What to expect when returning to post-secondary after your gap year with CanGap Ambassador AJ
Updated: Jul 15
AJ - 00:00
Hello and welcome back to the Canadian Gap Year Association channel. My name is AJ, one of the Canadian Gap Year ambassadors and today I'm going to be talking about something very exciting for me! But it's something that's probably pretty far away for you. Finishing your first year of university!
After taking a Gap Year my end to 1st year university was a lot further away than I initially anticipated when I graduated high school and that was something that I was pretty scared about.
I thought that taking a gap year I would forget completely how to study. I wouldn't know how to put my head down and read books and write exams and create projects and all of that. You know, good stuff, and so that's not to say that I didn't think my gap year was valuable.
AJ - 00:42
It was extremely valuable. It taught me some real world skills. I got to learn from starting my own social enterprise. I got to actually gain real world experience and internships. And if you want to learn more about that, go ahead and watch some of my other videos.
But the point is when it was time for school to start, I was extremely nervous. I genuinely thought I probably couldn't keep up with university expectations just because I wasn't learning the same way as I thought they expected me to, and so that presented a whole bunch of challenges that I thought I would face when I entered university.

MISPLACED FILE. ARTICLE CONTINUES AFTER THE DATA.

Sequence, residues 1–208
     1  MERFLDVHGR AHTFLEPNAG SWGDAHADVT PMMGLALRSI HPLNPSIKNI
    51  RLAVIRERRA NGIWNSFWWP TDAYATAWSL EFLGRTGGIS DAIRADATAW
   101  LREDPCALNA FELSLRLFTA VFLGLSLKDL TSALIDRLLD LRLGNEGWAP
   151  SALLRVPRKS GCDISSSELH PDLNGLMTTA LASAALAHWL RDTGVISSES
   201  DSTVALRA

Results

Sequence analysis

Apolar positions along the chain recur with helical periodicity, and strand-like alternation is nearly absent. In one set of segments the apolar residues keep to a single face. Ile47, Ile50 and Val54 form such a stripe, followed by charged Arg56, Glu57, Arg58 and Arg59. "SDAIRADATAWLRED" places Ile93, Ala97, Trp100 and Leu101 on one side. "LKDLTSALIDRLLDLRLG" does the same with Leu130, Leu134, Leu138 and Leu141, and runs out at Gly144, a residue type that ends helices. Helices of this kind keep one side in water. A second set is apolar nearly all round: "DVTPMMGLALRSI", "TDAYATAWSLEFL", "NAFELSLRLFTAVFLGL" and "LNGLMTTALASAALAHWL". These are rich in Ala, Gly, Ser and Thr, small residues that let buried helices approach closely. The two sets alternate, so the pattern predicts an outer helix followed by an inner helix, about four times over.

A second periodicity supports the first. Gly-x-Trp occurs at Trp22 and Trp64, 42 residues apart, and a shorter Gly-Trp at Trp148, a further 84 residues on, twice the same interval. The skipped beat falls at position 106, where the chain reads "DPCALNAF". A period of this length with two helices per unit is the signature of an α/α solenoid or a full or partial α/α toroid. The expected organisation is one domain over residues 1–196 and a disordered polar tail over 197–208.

AJ - 01:16
But it really wasn't as bad as I thought, and that's what I'm going to be explaining throughout this video, as well as a general overview of what my entire year looked like and how amazing it was for me before I delve into the specifics about my transition to university and how my gap year did or did not prepare me for university.
I wanna give a high level overview of how my first year of university was and hopefully incite some excitement about all the growth opportunities and learning and fun that can be had in university as a whole.
First and foremost, I had an incredible year. Obviously I had my ups and downs and it was genuinely challenging at times to deal with all of the real world things that I had to deal with as well as academics in schools and projects and exams and tests and all of those things that school tends to pile on, but nevertheless I had an amazing time.
I created some of my closest friendships and forged relationships with people from all around the world, and that increased my cultural awareness and taught me to appreciate the intrinsic beauty of different cultures and places all around the world.
AJ - 02:19
Beyond that, I learned so much academically. Not only did I learn about the specificities of what I was being taught from really renowned professors who have a lot of experience and knowledge in their fields, but I was also able to learn about myself.